Johannes Antonius Garemijn was born in Bruges in 1712 into a middle-class family. At the early age of four he was sent to writing school, where he soon began to be noticed for the many doodles and sketches he decorated his schoolbooks with. At age seven he was taught by Rochus Aerts, a sculptor; when he was nine he started going to the Bruges drawing academy, which he attended for three years. Garemijn was further instructed in the art of painting and drawing by Hendrik Pulinx and, later on, Lodewijk Roose. He became a teacher and headmaster at the Bruges academy in 1765, a position which he held for ten years. Garemijn was a bachelor for most of his life, only marrying his maid Francisca at the age of 79. They had three children, although it can be presumed these were more probably the offspring of his former nude model Jan-Olivier Staffijn, who lived with the couple and who married Francisca after her husband’s death in 1799.
Garemijn was a prolific artist, who produced paintings and drawings in many genres, including portraits, genre scenes, landscapes as well as several religious works – the latter mostly commissioned by the local church authorities. He was also known as a fine decorateur, for instance in designing triumphal arches for local processions and festive entries. However, today he is mostly admired for his qualities as a draughtsman, for it is in his drawings that Garemijn truly excels. His dedication to drawing is evident from the fact that he added his motto “Nulla dies sine linea” (No day without a line) to his earliest, now lost, self-portrait.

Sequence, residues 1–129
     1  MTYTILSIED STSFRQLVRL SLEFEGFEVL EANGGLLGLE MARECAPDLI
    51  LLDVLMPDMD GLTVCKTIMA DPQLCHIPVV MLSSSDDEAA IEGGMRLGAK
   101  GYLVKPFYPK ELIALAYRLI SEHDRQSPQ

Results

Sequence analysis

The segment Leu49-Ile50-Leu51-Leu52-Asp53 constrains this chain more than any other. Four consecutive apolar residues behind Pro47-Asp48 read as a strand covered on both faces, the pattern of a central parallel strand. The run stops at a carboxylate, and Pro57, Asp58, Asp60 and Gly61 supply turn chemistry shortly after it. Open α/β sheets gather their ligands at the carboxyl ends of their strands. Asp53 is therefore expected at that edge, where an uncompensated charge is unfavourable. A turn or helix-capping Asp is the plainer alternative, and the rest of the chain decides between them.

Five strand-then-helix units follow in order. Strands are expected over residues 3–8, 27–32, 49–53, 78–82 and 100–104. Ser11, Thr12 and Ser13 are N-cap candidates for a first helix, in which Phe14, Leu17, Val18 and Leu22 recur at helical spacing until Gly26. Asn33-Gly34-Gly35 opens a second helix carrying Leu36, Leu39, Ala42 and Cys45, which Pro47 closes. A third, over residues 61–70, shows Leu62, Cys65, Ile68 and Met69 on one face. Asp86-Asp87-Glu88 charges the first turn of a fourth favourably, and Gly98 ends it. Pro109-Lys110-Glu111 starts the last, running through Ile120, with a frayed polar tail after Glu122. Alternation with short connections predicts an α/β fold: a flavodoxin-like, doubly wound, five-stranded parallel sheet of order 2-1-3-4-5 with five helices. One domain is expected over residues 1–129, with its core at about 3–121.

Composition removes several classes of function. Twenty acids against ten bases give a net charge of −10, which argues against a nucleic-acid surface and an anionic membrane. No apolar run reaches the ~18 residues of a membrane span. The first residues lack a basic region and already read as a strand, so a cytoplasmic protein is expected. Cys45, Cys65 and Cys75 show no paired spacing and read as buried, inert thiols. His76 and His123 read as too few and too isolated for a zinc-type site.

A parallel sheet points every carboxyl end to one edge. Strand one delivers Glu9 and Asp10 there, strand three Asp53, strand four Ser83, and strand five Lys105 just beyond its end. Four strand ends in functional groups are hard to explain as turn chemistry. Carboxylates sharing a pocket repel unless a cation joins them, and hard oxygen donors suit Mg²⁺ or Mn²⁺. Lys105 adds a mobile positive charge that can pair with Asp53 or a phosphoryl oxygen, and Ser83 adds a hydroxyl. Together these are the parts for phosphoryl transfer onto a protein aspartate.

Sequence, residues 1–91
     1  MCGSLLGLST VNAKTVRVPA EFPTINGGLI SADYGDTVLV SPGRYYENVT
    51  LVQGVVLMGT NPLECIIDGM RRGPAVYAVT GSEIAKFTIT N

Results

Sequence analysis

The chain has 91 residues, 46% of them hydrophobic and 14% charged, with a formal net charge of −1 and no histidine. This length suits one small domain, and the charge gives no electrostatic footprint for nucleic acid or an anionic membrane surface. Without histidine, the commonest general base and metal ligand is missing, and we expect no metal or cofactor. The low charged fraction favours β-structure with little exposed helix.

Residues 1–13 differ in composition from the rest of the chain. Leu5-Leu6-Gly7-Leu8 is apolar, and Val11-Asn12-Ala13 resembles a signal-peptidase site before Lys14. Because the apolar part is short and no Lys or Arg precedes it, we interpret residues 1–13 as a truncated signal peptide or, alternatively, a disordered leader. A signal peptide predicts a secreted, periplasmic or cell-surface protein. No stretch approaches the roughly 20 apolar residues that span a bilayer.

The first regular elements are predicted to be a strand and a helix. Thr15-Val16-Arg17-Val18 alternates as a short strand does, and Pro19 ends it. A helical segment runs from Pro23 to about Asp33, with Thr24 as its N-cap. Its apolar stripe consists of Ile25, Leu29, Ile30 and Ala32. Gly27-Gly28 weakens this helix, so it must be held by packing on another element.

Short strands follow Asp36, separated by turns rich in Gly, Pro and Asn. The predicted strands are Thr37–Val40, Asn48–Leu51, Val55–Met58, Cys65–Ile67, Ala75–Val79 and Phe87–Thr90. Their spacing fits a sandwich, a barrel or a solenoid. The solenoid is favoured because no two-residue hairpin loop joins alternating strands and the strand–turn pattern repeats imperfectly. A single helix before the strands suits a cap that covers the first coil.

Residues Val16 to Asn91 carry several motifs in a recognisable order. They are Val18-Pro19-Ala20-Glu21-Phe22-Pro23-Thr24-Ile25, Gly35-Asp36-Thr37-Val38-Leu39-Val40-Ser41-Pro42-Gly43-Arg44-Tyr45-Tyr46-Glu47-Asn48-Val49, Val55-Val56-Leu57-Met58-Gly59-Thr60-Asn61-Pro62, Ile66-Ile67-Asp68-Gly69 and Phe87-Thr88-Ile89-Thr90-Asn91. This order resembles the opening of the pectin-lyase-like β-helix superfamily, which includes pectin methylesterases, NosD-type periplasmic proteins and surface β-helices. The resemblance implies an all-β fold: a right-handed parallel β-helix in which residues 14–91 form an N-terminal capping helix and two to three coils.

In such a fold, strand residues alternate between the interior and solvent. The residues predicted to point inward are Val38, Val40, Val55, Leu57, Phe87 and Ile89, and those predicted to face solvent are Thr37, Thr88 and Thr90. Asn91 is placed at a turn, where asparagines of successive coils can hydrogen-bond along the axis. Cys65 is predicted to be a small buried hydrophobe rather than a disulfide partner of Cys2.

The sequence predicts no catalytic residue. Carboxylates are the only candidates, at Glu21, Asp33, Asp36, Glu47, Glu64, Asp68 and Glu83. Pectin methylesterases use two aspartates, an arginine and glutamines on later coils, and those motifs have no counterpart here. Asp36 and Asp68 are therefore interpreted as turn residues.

Although Garemijn hardly ever travelled, preferring to stay in his native Bruges, he was stylistically greatly influenced by great French rococco artists such as Boucher, Fragonard and Greuze. In the present tronie however, the influence of his compatriots Jordaens and Rubens comes to the fore. As with many of his drawings, he carefully dated it down to the day, indicating that it was most probably done from life.